MONASTERY OF ST. HATRE AT ASWAN
It is situated on the west bank of the Nile facing the Island of Elephantine. The monastery is named after its patron, St. Hatre, who was the Bishop of Aswan in the late fourth century. Later it was given the name of St. Simeon by archaeologists and travelers. It is not known when the monastery was established. However, the earliest wall paintings in the grotto representing saints are from the sixth or seventh century. The remaining church was built in the first half of the 11th century. Its construction provides the most significant example of the domed oblong church in Egypt.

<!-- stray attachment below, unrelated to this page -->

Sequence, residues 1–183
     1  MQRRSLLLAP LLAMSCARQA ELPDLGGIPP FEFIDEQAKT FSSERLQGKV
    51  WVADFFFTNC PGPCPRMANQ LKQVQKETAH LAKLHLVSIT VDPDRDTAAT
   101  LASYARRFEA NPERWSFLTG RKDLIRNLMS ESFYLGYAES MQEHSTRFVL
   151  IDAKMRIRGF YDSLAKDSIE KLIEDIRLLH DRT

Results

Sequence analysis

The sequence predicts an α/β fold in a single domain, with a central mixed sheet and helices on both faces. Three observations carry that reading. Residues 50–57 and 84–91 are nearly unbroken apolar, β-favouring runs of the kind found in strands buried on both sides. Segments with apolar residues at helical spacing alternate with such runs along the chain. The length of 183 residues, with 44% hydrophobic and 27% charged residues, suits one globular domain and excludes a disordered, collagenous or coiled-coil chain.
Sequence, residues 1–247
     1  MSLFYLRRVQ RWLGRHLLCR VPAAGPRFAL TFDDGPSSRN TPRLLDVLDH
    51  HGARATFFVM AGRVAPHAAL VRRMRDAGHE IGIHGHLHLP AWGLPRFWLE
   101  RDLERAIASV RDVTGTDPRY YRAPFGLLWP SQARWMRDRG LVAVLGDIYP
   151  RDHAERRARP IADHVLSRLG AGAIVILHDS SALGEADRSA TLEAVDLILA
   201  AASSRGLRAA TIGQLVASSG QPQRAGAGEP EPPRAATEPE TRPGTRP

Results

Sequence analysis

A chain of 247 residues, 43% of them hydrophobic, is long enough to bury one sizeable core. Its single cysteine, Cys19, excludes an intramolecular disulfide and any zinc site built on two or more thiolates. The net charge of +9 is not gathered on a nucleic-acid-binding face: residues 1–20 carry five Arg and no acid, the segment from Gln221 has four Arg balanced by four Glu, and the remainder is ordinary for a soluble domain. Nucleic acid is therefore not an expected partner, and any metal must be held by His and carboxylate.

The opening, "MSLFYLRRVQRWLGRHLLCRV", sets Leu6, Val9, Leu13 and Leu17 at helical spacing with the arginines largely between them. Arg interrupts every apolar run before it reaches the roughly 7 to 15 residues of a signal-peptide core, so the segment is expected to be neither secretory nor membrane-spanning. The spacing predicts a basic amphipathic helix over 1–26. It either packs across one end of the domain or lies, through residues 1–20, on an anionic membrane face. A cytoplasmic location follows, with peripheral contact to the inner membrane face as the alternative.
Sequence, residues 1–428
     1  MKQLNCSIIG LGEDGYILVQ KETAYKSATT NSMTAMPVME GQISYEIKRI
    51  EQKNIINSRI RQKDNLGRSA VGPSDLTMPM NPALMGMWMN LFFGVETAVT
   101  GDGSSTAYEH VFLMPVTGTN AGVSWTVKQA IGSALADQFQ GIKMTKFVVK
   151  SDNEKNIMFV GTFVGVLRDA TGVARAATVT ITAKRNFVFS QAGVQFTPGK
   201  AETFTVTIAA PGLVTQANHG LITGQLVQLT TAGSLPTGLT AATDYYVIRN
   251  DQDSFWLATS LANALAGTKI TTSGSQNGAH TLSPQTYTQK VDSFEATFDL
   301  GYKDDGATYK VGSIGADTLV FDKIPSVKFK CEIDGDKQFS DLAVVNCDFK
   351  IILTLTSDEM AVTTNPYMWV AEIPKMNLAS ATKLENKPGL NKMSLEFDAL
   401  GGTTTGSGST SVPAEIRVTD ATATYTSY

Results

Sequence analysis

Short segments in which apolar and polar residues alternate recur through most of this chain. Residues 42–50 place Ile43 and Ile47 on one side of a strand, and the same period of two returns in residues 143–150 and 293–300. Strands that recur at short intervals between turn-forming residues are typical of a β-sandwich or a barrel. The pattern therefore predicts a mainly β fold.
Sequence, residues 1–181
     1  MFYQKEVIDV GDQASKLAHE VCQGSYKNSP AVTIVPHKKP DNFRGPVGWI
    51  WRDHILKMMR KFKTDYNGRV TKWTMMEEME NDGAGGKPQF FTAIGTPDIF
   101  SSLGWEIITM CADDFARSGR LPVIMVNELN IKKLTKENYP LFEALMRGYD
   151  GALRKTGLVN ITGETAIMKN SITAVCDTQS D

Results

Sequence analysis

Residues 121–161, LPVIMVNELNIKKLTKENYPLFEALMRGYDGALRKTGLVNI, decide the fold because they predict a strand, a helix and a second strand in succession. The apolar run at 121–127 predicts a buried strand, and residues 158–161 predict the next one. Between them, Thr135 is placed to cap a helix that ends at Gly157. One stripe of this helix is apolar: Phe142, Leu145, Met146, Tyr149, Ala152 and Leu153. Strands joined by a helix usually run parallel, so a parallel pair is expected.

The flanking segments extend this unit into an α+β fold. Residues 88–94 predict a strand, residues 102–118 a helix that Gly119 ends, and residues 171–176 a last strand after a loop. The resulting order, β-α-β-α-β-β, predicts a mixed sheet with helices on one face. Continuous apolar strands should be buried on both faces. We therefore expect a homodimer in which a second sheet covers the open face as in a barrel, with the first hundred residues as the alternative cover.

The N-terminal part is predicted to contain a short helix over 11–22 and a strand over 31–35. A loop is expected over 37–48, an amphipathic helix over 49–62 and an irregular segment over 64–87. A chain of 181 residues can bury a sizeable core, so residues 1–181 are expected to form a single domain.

The church’s paintings were executed probably in the 11th or the 12th century. The eastern semidome of the sanctuary is decorated with a scene of Christ in the mandorla (an oval enclosing a scene or painting) that is held by two angels. There are the remains of a scene of the 24 priests (elders) on the sanctuary’s north wall. The monastery’s upper terrace serves as a keep or a tower that consists of three stories and comprises the monks’ cells, the refectory, the kitchen, and other facilities. It is the largest keeplike lodging complex in Egypt.
There is a room containing a reservoir that is a part of a water supply system including bathrooms, latrines, and laundering facilities. About 200 tombstones were discovered in the monastery’s cemetery, which provide important material for the study of Christian tombstones in Egypt and Nubia. The monastery ceased to be occupied by monks around the end of the 13th century.
See also MONASTICISM, EGYPTIAN.